Basic Principles and Operative Management of the Rotator Cuff byDrs. C. Benjamin Ma and Brian Feeley is a unique and comprehensive book that covers arthroscopic, open techniques, and reconstructive options for treating rotator cuff tears
The first section focuses on an up-to-date understanding the basic principles of the rotator cuff—its anatomy, the basic science behind rotator cuff pathology, diagnosis, and imaging. This section references recent literature so that the reader understands the pathology of rotator cuff disease. The second section focuses on the different types of rotator cuff pathology, how to diagnose pathology accurately, and discusses different non operative and operative treatment options.
The operative sections will provide detailed state of the art techniques with clear photos and illustrations to take the surgeon through surgical procedures step-by-step. It is a comprehensive text on the operative management of rotator cuff pathology, including arthroscopic and open repairs, revision surgery, tendon transfers, and reverse shoulder arthroplasty.
The book also describes “tricks and tips” to help the surgeon avoid common errors that are often encountered during the procedure. Different options for each type of rotator cuff problem will be presented. The final section will focus on complicated problems encountered in the shoulder.
- Anatomic structures, vascular and nerve supply, and the relevant surgical anatomy of the rotator cuff
- Biomechanics of the rotator cuff—how the rotator cuff works to raise and lower the shoulder and position the arm in space, and how these functions are lost in cuff tears
- Understanding the molecular mechanisms responsible for tendon and muscle degeneration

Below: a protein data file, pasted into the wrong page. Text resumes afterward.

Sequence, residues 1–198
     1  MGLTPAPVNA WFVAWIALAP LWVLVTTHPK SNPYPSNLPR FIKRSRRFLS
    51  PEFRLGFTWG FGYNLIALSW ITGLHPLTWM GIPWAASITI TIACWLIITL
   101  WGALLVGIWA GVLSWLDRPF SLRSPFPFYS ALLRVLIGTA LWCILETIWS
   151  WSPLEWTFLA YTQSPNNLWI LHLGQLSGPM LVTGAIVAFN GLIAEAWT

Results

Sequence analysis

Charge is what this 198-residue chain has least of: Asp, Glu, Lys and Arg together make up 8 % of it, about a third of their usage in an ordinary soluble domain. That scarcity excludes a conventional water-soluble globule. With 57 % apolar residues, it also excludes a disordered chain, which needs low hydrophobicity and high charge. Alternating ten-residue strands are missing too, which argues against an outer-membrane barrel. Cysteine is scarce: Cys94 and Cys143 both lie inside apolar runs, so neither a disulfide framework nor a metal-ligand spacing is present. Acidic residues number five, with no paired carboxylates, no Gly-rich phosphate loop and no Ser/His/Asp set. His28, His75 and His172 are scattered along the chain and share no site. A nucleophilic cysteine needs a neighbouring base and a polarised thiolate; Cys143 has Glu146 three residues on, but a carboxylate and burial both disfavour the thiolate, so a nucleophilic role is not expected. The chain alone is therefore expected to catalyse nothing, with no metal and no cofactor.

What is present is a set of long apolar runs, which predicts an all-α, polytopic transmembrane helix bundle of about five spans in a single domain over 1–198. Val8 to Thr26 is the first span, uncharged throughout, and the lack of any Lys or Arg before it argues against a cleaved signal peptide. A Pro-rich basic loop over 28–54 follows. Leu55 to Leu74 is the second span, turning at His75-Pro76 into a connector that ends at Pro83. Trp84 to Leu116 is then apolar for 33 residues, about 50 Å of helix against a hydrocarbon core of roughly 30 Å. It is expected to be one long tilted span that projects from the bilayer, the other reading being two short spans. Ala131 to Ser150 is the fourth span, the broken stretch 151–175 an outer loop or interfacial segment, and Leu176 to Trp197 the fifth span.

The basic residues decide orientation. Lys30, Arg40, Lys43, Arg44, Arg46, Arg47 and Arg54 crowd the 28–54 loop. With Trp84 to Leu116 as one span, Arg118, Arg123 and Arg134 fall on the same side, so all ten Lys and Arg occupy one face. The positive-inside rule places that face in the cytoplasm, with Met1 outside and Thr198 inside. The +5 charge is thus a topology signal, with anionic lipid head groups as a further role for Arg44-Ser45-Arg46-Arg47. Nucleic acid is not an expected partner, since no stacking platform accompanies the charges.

- How to evaluate imaging in order to accurately diagnose rotator cuff tear problems and to be well-prepared for the operating room
- Office and surgical management of common rotator cuff problems—divided into an introduction, diagnosis, non operative management, operative management, post operative management, and outcomes
- Treatment options for large and massive cuff tears
- Reconstructive options—replacements and muscle transfers
- Detailed step-by-step guide to allow surgeons to navigate through complicated procedures
About the Author
Brian T. Feeley, MD grew up in the San Francisco Bay Area. He attended Stanford University in California for his undergraduate degree, where he developed a passion for translational research. He continued at Stanford for medical school, and after almost embarking on a career in cardiothoracic surgery, he ultimately decided on orthopedic surgery.
Dr. Feeley served his orthopedic residency at the University of California, Los Angeles (UCLA) and his sports medicine and shoulder fellowship at the Hospital for Special Surgery, New York, NY. Since completing training, he has been on staff at the University of California, San Francisco (UCSF).
Dr. Feeley’s clinical focus is on athletic injuries of the shoulder, knee, and hip. He has a special interest in the management of rotator cuff tears and reverse shoulder arthroplasty. His primary research interest is the basic science behind the muscle atrophy and fatty infiltration seen in rotator cuff tears. Dr. Feeley currently lives in San Francisco with his wife, Sarina, and his two children, Sonali and Leena. He enjoys surfing as much as possible to keep his rotator cuffs in shape.
C. Benjamin Ma, MD was born and raised in Hong Kong, China. He came to the United States to attend Brown University in Providence, RI and majored in bioelectrical engineering. He attended medical school at Johns Hopkins University School of Medicine in Baltimore, MD, where he started his research interest in orthopedics and soft tissue healing. He went to the University of Pittsburgh Medical Center in Pennsylvania for his orthopedic surgery training, where he studied under Dr. Freddie Fu and Dr. Savio Woo.
He then spent a year at the Hospital for Special Surgery for his Sports Medicine and Shoulder Fellowship. He has been on staff at UCSF since 2003 and is now Chief of the Sports Medicine and Shoulder Service. His clinical interest is in shoulder and knee surgeries and his research activities have been on improving the outcomes on the management of shoulder rotator cuff problems and advanced imaging on cartilage and rotator cuff muscles.